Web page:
The one odd thing was they were going the wrong direction…..We had heard they were heading to Machu Picchu also through the overlander grapevine, but as they passed us going the wrong way we did not give it much thought. We assumed they were on their way back.
We drove for another hour and a half and started seeing a strange site. Cars. Lines of cars for over a mile. What the hell? We stopped the XP and Sam got out to see what was going on. He was gone for a long time and when he got back his face was a bit grim. He told me there was a huge landslide blocking the road. HUGE. He said he was certain it would take days to dig out. We debated popping our top and waiting (did not sound fun since it was near freezing and had started raining) or heading back to Ollantaytambo to destroy our budget and catch a late night train to Aguas Calients.
The thing is, the weather had been hit or miss the last few weeks, it was rainy season in Peru. Monday (the next day) was supposed to be the only rain free day of the entire week. We were kind of on a mission to get to Machu Picchu before the rain storms hit.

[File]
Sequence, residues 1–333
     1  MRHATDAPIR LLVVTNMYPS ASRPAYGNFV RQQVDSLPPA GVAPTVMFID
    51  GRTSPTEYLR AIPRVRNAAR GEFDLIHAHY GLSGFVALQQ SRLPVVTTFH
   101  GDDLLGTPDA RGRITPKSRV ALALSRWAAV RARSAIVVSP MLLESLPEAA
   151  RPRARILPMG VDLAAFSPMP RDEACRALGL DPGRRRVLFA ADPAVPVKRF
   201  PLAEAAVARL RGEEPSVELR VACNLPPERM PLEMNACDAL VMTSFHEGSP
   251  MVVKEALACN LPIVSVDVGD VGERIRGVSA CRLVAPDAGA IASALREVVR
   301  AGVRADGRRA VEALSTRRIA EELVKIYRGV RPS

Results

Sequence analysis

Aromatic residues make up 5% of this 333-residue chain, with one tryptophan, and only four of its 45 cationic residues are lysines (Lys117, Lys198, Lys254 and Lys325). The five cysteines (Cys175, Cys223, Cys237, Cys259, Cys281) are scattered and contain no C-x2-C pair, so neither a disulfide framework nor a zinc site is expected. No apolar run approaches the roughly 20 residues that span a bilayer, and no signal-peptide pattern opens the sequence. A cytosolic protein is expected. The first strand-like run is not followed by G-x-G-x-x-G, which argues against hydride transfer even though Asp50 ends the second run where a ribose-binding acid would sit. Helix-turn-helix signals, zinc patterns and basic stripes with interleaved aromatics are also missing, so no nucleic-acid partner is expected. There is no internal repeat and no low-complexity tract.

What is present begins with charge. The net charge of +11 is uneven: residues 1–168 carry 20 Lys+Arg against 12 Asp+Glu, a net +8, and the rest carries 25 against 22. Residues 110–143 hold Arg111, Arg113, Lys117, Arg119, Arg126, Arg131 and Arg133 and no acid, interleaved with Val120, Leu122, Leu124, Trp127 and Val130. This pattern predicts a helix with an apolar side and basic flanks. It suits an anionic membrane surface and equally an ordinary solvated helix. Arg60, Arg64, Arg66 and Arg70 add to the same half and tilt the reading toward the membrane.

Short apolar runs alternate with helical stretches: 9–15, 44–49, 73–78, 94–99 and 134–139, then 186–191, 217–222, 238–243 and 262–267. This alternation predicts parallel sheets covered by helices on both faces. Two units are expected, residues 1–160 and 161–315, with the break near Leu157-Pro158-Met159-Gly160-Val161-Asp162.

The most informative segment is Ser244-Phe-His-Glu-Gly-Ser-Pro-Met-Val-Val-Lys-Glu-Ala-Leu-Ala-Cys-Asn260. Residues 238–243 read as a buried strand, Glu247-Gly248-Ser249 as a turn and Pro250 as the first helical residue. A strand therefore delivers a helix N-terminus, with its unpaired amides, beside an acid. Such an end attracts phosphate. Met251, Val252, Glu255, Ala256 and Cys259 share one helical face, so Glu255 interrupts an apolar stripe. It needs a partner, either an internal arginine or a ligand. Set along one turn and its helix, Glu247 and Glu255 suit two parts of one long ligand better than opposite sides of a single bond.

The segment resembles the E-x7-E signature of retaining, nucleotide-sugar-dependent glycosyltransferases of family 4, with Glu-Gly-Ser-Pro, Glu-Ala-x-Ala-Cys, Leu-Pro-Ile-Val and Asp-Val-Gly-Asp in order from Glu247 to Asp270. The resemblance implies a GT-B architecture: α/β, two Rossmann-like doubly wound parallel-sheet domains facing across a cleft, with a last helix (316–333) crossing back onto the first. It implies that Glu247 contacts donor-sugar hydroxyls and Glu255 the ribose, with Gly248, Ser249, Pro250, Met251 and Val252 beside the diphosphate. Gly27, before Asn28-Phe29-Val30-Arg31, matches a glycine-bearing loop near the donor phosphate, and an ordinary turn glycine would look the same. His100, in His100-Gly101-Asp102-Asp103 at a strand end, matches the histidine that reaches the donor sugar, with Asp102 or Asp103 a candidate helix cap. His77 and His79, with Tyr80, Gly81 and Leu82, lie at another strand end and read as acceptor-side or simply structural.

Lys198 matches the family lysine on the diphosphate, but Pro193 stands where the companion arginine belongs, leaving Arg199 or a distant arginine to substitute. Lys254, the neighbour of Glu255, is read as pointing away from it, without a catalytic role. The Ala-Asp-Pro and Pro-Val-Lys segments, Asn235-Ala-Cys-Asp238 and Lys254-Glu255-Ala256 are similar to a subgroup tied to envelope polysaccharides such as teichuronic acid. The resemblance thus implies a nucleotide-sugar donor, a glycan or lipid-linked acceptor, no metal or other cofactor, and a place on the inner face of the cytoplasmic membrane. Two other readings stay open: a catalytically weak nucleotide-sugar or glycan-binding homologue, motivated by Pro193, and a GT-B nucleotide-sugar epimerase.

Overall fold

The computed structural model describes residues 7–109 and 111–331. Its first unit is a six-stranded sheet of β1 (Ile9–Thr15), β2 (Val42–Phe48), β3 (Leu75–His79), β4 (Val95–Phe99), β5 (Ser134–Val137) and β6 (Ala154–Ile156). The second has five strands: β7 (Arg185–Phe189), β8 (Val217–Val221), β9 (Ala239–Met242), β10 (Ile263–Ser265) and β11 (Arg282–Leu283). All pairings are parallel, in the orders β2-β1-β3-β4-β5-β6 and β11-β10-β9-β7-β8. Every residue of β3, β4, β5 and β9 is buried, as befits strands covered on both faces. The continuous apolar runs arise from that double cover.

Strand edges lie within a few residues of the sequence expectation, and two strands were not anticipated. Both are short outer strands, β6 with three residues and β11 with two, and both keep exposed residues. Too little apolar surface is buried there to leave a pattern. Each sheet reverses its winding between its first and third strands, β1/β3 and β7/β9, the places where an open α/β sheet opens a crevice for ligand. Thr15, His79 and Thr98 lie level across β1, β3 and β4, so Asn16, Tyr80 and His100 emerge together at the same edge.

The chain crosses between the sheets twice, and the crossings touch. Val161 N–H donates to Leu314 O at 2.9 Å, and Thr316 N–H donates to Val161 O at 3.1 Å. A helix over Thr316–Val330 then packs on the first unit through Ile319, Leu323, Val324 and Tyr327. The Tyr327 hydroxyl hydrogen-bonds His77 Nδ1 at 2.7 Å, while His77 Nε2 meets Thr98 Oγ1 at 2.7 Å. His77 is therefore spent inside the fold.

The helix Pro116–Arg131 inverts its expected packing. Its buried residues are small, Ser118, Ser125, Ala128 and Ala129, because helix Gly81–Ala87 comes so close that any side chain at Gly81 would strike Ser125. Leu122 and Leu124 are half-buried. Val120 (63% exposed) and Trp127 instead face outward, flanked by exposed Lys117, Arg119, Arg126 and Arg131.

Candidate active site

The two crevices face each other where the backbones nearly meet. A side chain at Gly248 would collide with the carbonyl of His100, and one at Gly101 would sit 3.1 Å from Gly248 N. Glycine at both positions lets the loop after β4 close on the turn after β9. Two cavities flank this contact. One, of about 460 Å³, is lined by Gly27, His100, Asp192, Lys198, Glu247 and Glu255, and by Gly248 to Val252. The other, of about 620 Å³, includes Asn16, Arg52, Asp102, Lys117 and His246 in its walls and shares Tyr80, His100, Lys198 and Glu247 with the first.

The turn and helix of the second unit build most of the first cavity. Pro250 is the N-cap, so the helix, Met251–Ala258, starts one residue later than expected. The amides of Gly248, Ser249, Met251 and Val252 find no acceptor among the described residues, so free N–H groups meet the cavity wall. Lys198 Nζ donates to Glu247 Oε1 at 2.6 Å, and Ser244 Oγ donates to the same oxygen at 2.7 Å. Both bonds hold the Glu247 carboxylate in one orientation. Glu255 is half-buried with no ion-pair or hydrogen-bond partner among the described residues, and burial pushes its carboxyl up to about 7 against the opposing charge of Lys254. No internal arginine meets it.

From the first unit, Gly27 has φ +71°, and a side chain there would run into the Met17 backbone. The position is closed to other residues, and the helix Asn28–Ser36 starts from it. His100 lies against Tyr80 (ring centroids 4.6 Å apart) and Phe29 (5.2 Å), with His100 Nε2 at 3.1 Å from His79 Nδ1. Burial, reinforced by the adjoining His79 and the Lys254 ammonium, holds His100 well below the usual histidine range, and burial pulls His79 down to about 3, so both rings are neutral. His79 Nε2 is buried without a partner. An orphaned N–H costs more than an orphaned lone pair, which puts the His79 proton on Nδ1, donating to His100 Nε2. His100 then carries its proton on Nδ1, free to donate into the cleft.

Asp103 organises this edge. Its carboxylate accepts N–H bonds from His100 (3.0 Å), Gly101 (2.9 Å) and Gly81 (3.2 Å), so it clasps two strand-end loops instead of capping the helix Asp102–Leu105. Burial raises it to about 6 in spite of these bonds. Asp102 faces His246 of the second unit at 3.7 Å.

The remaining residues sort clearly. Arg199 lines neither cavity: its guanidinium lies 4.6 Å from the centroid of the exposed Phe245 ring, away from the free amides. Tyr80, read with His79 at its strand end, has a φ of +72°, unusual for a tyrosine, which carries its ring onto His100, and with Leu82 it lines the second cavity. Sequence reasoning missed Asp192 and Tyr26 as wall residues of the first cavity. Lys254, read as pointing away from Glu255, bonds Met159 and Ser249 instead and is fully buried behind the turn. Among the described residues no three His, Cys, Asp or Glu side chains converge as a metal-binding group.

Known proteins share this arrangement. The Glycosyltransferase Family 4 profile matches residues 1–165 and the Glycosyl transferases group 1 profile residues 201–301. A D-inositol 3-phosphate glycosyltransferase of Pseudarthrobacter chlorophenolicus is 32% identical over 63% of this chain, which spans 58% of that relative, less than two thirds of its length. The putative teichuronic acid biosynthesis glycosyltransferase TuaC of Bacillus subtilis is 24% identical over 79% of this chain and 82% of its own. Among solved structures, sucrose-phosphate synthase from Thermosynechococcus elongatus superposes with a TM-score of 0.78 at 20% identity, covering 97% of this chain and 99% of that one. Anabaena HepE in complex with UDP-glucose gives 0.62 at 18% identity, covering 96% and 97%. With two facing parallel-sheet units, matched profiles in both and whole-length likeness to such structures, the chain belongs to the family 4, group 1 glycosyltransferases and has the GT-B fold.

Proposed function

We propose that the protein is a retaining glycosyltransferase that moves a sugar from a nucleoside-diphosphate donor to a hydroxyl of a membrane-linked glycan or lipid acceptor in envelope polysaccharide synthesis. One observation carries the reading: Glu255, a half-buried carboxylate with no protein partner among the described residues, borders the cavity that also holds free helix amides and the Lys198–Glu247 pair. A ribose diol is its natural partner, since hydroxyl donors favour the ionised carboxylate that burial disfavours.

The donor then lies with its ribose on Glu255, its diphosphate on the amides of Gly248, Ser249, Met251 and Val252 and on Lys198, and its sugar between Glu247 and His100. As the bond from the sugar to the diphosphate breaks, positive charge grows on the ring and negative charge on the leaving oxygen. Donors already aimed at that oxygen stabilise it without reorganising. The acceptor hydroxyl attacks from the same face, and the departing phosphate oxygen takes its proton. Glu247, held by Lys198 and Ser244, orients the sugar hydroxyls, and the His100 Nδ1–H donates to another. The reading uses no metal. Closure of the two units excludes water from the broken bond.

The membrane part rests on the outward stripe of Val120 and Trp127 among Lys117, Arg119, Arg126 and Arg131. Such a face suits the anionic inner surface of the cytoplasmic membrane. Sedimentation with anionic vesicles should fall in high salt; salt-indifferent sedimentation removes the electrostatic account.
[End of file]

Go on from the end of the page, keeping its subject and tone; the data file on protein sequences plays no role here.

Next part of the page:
We drove back the hour and a half to Ollantaytambo and purchased our tickets (which cost almost $300 roundtrip for a lousy 2 hour train ride!!!!!!) The train was huge and we had assigned seating, as we got on the late night train we saw the people in the seat in front of us were our friends Karin and Marcus! WTF!!!!! What are the chances? We were super excited to see them and they told us that they were frantically waving at us to warn us about the landslide. Oops. They even turned around and chased us for a few kilometers but could not catch up with the traffic. We did not even see them….
Oh, well, the three hour drive roundtrip was pretty at least….We arrived in Aguas Calientes at almost midnight and found a super cheap hotel (so cheap you had to pay extra for toilet paper and bath towels!!!). We had originally planned to try to see the sunrise over Machu Picchu and wake up at 4am, but now we just wanted to sleep in and get there when we were rested.